OMA: New Undersea Warfighting Development Center Gets Started In Groton

New Undersea Warfighting Development Center Gets Started In Groton
 
By Julia Bergman
 
The Day
 
September 21, 2015
 
Groton Navy officials from across the fleet marked the return of a flag officer to the Naval Submarine Base Monday at the formal opening of the Undersea Warfighting Development Center, which is now headquartered there.
 
The new command, which has been several years in the making, will train the submarine force in advanced tactics, techniques and procedures for anti-submarine warfare. It is part of a larger reorganization by the Navy of its warfighting development centers.
 
"The concept started back in 2012, 2013 to do a little bit of reorganization in how the Navy trains and gets ready to fight," said Rear Adm. Jeffrey Trussler, who is leading the UWDC, at the ribbon-cutting ceremony for the command.
 
The command began operating Sept. 1 in the same building where Submarine Group 2 was headquartered until it was disestablished in August 2014. Since Group 2 left, the base has not hosted a flag officer, an officer with the rank of rear admiral or higher.
 
"We have a lot of work to do," Trussler said. "We are put in place to align the theater, operational and tactical levels of warfighting."
 
The building has a lot of empty space at the moment, he said. The staff consists of three people, including himself. Trussler's immediate task is to introduce himself to the various detachments the command will work with.
 
Next summer the Tactical Analysis Group from Submarine Squadron Twelve, which now falls under the command, will move into the building in Groton. Detachments in San Diego and Norfolk, Va., are currently under the center's command, and in 2017, Trussler said, a small detachment will be established in Bangor, Wash., "supporting us with unmanned vehicle tactical development."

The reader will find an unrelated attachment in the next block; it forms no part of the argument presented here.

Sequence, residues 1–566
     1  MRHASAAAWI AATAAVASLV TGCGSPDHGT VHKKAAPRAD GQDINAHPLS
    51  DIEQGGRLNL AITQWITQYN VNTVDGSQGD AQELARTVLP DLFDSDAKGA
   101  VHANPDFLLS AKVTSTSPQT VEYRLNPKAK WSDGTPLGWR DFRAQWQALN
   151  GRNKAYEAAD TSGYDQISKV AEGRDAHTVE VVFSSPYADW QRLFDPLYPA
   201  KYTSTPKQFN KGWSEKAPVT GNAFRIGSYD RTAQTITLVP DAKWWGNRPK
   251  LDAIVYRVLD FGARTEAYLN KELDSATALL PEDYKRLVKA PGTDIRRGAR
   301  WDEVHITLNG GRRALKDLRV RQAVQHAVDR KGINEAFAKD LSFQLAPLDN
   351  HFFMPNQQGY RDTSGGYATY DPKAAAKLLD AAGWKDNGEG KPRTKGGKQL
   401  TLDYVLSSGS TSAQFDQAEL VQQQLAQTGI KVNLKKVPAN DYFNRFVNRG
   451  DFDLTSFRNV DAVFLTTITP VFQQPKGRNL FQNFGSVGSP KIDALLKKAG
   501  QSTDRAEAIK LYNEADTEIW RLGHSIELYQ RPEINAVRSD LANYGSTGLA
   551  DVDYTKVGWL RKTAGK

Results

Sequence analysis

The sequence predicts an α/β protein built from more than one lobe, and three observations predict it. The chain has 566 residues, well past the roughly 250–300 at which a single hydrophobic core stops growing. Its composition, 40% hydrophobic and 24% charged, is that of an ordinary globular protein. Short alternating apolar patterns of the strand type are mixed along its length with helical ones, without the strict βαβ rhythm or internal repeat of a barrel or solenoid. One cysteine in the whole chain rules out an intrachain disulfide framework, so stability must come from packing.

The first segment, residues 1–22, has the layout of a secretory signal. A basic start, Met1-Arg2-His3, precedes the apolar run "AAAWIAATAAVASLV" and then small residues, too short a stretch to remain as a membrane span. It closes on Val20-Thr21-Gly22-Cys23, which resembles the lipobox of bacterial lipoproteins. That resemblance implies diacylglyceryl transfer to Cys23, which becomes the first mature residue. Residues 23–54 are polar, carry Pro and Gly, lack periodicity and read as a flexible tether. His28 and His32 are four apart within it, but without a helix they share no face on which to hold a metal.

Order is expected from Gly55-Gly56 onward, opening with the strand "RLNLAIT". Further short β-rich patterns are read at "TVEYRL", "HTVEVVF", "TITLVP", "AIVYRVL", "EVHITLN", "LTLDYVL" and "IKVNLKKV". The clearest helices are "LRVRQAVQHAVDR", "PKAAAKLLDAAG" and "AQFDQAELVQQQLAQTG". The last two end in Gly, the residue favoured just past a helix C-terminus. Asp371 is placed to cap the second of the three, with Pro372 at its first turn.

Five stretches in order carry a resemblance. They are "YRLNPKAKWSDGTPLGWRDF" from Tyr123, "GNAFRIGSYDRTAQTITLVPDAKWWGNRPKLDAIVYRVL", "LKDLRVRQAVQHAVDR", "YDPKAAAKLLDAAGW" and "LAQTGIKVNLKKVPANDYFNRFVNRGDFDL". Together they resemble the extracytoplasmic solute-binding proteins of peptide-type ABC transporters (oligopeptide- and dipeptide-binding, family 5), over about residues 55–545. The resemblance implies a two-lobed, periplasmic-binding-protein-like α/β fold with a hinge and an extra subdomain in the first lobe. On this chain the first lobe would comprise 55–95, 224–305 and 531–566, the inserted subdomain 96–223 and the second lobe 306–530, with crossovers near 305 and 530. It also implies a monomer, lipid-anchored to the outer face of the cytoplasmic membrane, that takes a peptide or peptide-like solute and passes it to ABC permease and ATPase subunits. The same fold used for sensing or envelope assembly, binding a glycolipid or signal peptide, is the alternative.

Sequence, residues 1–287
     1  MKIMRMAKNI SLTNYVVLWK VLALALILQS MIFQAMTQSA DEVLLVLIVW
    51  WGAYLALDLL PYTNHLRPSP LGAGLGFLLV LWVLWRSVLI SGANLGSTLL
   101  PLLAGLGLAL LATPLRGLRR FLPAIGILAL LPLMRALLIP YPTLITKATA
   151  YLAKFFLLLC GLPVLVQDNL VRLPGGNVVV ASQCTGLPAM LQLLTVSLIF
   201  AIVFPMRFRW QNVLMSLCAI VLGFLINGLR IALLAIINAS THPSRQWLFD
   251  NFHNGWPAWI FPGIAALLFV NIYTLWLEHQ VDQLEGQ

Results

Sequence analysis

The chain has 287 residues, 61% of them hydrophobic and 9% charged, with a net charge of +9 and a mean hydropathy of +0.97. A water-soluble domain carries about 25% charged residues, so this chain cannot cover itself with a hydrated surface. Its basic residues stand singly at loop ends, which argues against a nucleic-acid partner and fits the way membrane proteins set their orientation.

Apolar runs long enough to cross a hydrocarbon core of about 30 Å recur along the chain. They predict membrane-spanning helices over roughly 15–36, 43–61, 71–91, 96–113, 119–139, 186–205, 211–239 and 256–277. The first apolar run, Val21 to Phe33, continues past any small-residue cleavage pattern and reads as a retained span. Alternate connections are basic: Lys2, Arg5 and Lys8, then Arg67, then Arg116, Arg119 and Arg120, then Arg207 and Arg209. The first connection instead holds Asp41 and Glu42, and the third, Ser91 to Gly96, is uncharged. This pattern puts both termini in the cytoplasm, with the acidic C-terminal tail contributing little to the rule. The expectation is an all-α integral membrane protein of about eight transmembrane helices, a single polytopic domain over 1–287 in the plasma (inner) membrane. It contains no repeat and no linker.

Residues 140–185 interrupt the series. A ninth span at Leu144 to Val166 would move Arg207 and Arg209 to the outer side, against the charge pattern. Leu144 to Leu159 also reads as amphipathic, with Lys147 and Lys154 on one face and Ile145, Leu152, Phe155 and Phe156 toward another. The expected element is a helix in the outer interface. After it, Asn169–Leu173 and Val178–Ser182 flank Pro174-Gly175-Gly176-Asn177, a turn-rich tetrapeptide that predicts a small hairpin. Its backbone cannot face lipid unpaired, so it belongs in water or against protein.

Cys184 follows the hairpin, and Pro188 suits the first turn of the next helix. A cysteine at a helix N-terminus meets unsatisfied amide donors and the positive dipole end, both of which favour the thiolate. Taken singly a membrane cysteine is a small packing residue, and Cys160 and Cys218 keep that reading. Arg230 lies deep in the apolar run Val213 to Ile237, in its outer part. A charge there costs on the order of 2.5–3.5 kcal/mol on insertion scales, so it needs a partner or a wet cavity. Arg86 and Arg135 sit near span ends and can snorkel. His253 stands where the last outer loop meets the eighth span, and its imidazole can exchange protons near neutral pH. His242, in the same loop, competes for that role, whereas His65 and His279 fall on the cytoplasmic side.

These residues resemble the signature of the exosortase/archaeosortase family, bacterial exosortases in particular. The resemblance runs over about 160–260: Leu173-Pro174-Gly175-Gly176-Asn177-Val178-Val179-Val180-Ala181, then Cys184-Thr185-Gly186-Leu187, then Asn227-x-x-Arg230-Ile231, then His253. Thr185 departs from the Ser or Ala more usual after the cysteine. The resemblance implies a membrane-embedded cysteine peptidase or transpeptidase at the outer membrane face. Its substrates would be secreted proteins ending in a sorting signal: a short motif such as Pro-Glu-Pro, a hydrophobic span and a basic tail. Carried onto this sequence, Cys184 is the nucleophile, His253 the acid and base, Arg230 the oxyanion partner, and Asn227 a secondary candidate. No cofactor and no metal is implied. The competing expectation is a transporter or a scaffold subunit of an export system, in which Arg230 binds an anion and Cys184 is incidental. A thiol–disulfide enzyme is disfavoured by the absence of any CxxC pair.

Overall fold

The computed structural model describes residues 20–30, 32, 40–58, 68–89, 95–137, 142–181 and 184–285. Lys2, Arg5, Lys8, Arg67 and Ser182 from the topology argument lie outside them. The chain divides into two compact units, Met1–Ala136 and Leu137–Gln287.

Bob Ross, executive director of the state's Office of Military Affairs, said the new center is "a bigger deal than Group 2," given its implications for the Navy as a whole. Ross was at one time a staff officer with Group Two. He noted that the State of Connecticut on behalf of Gov. Dannel P. Malloy welcomes the new command.
 
Groton is a logical choice for the command to be headquartered given that the bulk of submarine training starts there.
 
"Many of our great undersea warriors have learned their trade right here on this very base," said Vice Adm. Joseph Tofalo, who less than two weeks ago took over as the commander of Submarine Forces.
 
"Our undersea forces ... are very familiar with what it takes to be first, whether it's first to the fight or first to come to grips with the enemy. The things that our submarine force is expected to do on the first day of some of our potential conflicts are absolutely sobering. Rear Adm. Trussler and his team here will ensure that we stay poised to do that, not just the submarine force but other portions of the Navy as well," Tofalo said. 
 
Tofalo's counterpart in the surface Navy, Vice Adm. Thomas Rowden was present at the ceremony, Tofalo said, showing the significance of this new command, and the idea that anti-submarine warfare is a cohesive process.
 
One hundred years ago, in 1915, submarines first arrived at the base, U.S. Rep. Joe Courtney, D-2nd District, pointed out in his remarks, and the command is the "beginning of a new era" for the base, he said.
 
"The work that's going to be done here is really about national and international significance for our nation in terms of its challenges to provide the national defense for our country," Courtney said. "Anti-submarine warfare, whether you look at Asia Pacific, North Atlantic or even in the Middle East, is the emerging threat which we are briefed about over and over again at the House Armed Services Committee."
 
Members of the southeastern Connecticut delegation were present for the reception after the ribbon-cutting ceremony.




Content Last Modified on 9/22/2015 10:21:12 AM